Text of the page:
If I’m going to be completely honest (which I recommend I should) then I have to admit that it happened on accident. Our son is nearly three years old. For the last year, we have put him in timeout when he doesn’t obey or listen. The typical scenario looks like us telling him something, him not listening, us getting his attention and telling him again, him not obeying, us encouraging him to obey, him not obeying, us warning him of discipline if he doesn’t obey, him not obeying and then us putting him into time out. Timeout meant that he sat facing the wall for 2 or so minutes until we would come back to him and say, “OK Asa, timeout is over. Let’s talk.”
The rub came the day that Asa responded to “Timeout is over” with “No, me stay in timeout.”
“Uh, what do we do now?” I said to Tish with a confused look on my face. How is timeout effective if our son wants to stay in timeout?
This happened a few times and we wondered what route to take. One day Asa’s Apraxia Therapist explained to us that children with Apraxia often benefit from time to sit and think on their own and that when given that time, they respond well.
So we decided to change up our timeout approach and try it out. The next time Asa needed a timeout I said, “Asa, you are not obeying so there is discipline. You are going to timeout. But listen bud, whenever you are ready to obey daddy, then you can come out of time out and tell me. When you do, I’ll be here with a hug and a kiss and timeout will be over. OK?”
I sat him in that corner and I walked about 10 feet away to do what I was doing. About 30 seconds later Asa says, “Daddy, me all done now.” “Ok bud, come here!” And I held out my arms to receive him with a smile on my face. He jumped up and ran to me with a smile and we talked about how he needs to obey and then we did what we were supposed to do in the first place.
The next day I had to put Asa in timeout again, this time he took over 3 minutes before saying, “Daddy, me all done now.” But he said it and we reunited in a joyous hug.
That’s when it hit me. This accidentally discovered way of discipline was so gospel-drenched that I could hardly contain myself.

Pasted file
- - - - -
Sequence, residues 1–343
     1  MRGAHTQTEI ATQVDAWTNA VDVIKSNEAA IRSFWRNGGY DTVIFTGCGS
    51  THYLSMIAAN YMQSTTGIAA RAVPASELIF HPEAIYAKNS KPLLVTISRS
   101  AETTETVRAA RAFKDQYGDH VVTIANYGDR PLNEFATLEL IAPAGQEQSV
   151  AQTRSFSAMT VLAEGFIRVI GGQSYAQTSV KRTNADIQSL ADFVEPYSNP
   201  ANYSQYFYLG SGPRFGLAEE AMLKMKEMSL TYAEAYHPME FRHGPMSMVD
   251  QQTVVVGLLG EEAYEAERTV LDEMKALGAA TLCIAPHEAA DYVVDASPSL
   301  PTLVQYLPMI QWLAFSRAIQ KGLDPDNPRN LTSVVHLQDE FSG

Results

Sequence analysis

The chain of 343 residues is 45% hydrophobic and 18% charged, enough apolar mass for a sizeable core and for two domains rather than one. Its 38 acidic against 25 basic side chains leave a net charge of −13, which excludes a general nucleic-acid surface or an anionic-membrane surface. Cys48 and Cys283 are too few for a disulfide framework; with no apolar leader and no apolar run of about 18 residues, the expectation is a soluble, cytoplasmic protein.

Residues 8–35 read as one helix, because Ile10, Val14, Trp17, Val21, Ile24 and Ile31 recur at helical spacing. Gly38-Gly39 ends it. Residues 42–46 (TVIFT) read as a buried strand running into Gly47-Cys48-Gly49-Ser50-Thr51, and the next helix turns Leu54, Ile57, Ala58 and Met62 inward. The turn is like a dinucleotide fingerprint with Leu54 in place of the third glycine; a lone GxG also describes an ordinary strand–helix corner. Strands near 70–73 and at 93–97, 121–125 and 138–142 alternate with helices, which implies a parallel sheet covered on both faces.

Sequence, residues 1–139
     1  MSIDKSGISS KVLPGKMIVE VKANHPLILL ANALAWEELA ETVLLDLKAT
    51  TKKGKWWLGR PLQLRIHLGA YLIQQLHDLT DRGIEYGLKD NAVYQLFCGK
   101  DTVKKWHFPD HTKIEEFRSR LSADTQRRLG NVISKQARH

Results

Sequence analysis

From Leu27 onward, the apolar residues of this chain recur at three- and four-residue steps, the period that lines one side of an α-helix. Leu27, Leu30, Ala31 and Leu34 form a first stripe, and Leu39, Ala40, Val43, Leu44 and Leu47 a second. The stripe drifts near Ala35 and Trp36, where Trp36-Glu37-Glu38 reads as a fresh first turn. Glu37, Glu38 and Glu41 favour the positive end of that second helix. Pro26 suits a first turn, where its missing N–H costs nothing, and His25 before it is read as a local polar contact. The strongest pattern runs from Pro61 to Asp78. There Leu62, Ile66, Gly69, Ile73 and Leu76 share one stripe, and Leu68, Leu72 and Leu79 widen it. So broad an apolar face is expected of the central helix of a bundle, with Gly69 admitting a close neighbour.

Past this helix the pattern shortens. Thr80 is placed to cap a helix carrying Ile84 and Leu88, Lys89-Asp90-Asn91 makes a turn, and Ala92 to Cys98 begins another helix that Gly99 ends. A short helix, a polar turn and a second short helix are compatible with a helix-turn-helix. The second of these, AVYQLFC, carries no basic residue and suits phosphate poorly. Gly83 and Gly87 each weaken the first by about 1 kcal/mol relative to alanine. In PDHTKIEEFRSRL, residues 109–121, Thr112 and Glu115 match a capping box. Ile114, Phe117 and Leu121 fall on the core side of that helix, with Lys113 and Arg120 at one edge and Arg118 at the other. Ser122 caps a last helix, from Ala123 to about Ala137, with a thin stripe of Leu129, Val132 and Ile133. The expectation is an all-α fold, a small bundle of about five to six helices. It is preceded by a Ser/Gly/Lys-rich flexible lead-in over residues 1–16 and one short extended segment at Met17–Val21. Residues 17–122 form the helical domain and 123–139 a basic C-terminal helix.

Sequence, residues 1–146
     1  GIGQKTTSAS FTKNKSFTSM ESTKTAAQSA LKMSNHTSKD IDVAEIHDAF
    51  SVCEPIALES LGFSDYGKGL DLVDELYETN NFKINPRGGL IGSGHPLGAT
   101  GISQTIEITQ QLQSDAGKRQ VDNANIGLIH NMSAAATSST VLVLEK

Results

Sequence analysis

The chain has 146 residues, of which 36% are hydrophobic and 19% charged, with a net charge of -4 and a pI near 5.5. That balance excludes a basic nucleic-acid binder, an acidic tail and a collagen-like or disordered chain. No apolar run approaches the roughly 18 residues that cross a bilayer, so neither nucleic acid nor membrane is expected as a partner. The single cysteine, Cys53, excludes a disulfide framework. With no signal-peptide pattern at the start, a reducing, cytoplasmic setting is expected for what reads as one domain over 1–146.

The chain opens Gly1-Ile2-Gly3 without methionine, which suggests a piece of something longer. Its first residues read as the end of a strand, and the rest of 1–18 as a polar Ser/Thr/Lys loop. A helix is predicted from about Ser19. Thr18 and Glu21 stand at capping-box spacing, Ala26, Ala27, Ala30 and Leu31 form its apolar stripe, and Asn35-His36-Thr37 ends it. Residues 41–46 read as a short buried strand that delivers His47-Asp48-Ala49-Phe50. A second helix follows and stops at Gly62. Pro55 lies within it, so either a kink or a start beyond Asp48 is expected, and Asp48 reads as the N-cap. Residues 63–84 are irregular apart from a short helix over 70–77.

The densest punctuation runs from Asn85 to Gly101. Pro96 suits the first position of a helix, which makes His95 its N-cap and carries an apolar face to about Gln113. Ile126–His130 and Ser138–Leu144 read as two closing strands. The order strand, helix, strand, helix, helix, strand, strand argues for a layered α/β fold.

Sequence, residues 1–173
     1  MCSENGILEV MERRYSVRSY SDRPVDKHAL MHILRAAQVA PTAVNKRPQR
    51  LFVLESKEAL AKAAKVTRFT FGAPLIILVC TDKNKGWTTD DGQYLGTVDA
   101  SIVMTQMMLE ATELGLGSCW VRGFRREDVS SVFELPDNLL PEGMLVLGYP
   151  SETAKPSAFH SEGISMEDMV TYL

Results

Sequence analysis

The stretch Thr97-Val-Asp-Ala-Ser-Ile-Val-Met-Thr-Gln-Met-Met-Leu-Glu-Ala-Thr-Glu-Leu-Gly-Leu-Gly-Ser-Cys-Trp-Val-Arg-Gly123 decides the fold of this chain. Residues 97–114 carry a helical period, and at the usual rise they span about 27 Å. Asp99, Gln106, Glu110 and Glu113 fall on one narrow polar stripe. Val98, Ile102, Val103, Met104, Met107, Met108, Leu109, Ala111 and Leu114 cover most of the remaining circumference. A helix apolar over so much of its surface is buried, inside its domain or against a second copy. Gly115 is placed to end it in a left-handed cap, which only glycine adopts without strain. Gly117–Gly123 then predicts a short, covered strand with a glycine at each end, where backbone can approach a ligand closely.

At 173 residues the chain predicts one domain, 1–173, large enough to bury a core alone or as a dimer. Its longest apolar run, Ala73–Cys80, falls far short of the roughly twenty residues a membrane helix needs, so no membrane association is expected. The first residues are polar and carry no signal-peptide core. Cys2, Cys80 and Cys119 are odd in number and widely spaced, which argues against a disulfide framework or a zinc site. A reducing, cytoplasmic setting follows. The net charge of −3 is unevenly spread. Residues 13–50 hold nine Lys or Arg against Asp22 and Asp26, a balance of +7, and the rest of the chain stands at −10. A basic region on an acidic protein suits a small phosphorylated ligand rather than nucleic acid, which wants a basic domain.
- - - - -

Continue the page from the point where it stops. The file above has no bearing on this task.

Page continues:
When God’s children disobey, their sin does separate them from their Father. Not in a way of justification, they are still his children. But in a way of discipline. The Father disciplines those he loves. Yet, the Father doesn’t sit his children in timeout and say, “I’ll be back in 2.5 minutes to get you.” Rather, the father stands, looking out over the horizon for his son and his daughter to come running home and when they do, he runs to meet them, with arms open and face aglow. He welcomes them with a hug and kiss, and the relationship is reconciled unconditionally. We see this in the story of the lost son (Luke 15:11-32).
The way we discipline our children matters. We have the opportunity and the responsibility to use our parenting as a means by which to implant the seed of the gospel deep into the heart of our children. Do not let your moments of discipline be separated from this gospel-proclaiming responsibility. Take the opportunity to think through how you discipline and how you restore your child.
There is a puddle of gospel truth dripping from rightly administered discipline. Let’s splash in that puddle with our kids.
Note: This post does not intend to persuade you to do timeout exactly like we do, rather, it is intended to help you intentionally think through how you discipline and restore within your family.